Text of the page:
Although I accept that those usages are appropriate, valid, and seen in legal documents, I would argue that that usage is different from the requirement here. In those cases, there is not a series of events: there is one event (expiry, maturity, etc.) but a choice of dates on which the single event can occur. The terminology there refers to the chronologically last date from the available choices of date: it does not refer to a last event because there is only one event.

In any case, the primary meaning of latest as "most recent" rules it out as a choice here, because of the resultant ambiguity.

final

Dictionary definitions:

final adjective

from Chambers Dictionary
1. occurring at the end; last in a series, after all the others.
2. completed; finished.

from Oxford Dictionaries Online (ODO)
coming at the end of a series

from Merriam-Webster

  1. coming at the end : being the last in a series, process, or progress

from Merriam-Webster Learner's

  1. always used before a noun
    a. happening or coming at the end

from Longman

  1. [only before noun] last in a series of actions, events, parts of a story etc:
    The final episode will be shown tonight.

from Dictionary.com
1. pertaining to or coming at the end; last in place, order, or time

Discussion

Several dictionaries give the primary (relevant) meaning of final as:

occurring at the end
last in a series of events
after all the others
last in time

This makes it not only a suitable choice, but the only remaining choice without some kind of ambiguity. There could be some minor ambiguity over whether it refers to the final episode of a 'current' series, or to the final ever episode (final episode of the final series), but that seems insignificant in the light of the problems with other choices.

Conclusion

The most suitable choice is final.

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I disagree with your final conclusion. Given the list Jan 2012, Mar 2010, Oct 2011, Dec 2000, I would unhesitatingly identify Dec 2000 as the "final" (and indeed, the "last") date in the list. But Jan 2012 is undoubtedly the latest, since the meaning of that word is unaffected by the list order. –  FumbleFingers Jul 15 '13 at 20:32
    
@FumbleFingers I accept that, and must admit that I was working on the assumption that - if we were talking about a series of episodes - the series was in date order with earliest first. The OP seems so concerned that latest and last could mean most recent. So I'm now not sure that we've come up with any word that is unambiguous and meets the OP's needs. (I still think latest also has the disadvantages I mentioned.) –  TrevorD Jul 15 '13 at 22:47
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I must admit I'm surprised several people seem to think latest somehow inevitably implies in the past. I can understand how dictionaries will tend to support that assumption, since their definitions are likely to say things like most recent. But in ordinary contexts we're always seeing things like "The latest date for applications to be received is [some future date]". The most recent definition is just a convenient short form - it doesn't encapsulate the full scope of the word. –  FumbleFingers Jul 16 '13 at 0:06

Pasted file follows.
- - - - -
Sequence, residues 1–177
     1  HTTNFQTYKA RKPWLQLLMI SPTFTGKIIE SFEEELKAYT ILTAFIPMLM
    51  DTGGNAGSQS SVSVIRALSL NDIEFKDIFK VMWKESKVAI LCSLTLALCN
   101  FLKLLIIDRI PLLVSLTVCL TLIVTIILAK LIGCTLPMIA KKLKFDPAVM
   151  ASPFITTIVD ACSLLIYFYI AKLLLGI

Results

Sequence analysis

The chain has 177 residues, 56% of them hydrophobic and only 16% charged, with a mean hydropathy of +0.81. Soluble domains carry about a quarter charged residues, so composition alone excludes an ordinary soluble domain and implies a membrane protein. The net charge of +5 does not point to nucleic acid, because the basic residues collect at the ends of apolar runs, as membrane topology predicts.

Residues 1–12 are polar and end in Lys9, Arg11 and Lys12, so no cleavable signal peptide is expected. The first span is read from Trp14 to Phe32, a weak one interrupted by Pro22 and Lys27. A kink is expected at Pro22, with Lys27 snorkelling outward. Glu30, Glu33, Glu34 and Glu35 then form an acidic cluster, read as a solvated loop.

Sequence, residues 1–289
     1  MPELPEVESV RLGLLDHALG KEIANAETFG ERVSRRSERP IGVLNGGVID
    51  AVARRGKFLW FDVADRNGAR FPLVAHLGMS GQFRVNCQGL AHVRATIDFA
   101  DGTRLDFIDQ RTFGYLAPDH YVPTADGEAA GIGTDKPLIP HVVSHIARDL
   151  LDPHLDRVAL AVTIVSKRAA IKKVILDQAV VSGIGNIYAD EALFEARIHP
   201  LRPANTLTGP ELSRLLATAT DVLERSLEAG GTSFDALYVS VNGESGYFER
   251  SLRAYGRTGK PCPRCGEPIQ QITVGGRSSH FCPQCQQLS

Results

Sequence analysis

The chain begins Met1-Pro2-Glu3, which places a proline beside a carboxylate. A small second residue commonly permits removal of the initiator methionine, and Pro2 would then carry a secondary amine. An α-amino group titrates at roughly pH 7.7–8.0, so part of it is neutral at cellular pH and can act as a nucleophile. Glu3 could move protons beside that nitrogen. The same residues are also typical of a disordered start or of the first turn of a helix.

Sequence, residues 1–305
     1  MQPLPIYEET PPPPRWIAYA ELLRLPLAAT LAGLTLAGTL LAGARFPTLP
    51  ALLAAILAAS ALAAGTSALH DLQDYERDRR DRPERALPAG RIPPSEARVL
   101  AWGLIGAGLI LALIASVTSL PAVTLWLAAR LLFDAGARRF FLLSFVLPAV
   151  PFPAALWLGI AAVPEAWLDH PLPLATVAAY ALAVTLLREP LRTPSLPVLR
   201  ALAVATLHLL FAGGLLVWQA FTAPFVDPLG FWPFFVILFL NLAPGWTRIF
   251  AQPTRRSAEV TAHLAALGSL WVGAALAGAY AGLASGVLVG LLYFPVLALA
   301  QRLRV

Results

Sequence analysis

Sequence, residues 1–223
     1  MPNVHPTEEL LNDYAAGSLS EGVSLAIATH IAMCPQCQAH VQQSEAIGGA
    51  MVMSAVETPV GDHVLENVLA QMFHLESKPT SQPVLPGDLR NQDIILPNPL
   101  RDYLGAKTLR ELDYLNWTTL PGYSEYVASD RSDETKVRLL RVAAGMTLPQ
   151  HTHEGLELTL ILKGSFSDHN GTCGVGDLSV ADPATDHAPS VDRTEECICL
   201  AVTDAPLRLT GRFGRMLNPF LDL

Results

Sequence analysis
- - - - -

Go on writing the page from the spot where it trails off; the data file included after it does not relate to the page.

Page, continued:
OP is simply mistaken in thinking latest must imply the events are all in the past. But he's not alone - I've heard people speak of the highest date in computing contexts, to avoid confusion.

But here are hundreds of thousands of 1000s of instances of latest expiry / expiration date, many of which will involves future dates. That would be my preferred option.

If we suppose OP has a list of date values, I certainly wouldn't advise referring to the last date, since that might simply mean the one that comes last in the list, which might not be the latest.

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I'm not convinced you are right. All the dictionaries I looked in defined "latest" to mean "most recent", and "recent" can't be in the future. You do offer examples, but I think they are more examples of the very confusion the OP is trying to diffuse. I'd go with highest to be safe. –  Fraser Orr Jul 12 '13 at 20:15
    
@Fraser Orr: There's no reason you should be forced to use a form of words you're not happy with, but I didn't really put highest in there as a "better" alternative - it's just that in computing contexts we often treat dates as "scalar numbers", so the usage is at least "credible". But I still think you're still mistaken. Here are some more written instances of latest maturity date, many if not most of which clearly refer to dates which haven't arrived yet at the time of writing. –  FumbleFingers Jul 12 '13 at 21:04
    
Thinking about how to use "latest" to convey a future event made me realize, you are absolutely right! :) See my comment at Jim's answer. –  Mari-Lou A Jul 16 '13 at 2:25

I would use most recent or latest (as Fumblefingers suggested) for past events.

For future events, you can consider most future. (As in, for example, "Tell me the most future date where you have made dinner plans.")

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It is very possible to use "the latest" to talk about a future date, see my modest scenario: A: Let's meet tomorrow 11.30 in the morning. B: Sorry I can't make it for then, I've got something else lined up. A: Well, what about 12 o'clock? B: Still too early. A: So when's the latest you can come? B: I suppose, I could make it for 12.15. A: Better late than never! –  Mari-Lou A Jul 16 '13 at 2:21
    
You make a good point! –  Canis Lupus Jul 16 '13 at 2:39

While is is not elegant, farthest [or furthest] date forward would unambiguously convey what you are trying to express.

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Metaphorically, anyway. This is the Time is Motion in Space metaphor theme, where life consists in travel from earlier to later; naturally, far, distant, close, near, long, short, and many other terms denoting length (and not time) get used to represent duration of states or events. –  John Lawler Jul 13 '13 at 0:53
    
@JohnLawler Numerous dictionaries define farthest to refer to time or the stage of a process, not just physical space. –  bib Jul 13 '13 at 1:15
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That's because these are old metaphors. Real time words, like when and during can only be used for time; anything else is a metaphor. Not surprising, really; we can see distances and motion, but we haven't the foggiest notion what "time" is. –  John Lawler Jul 13 '13 at 3:05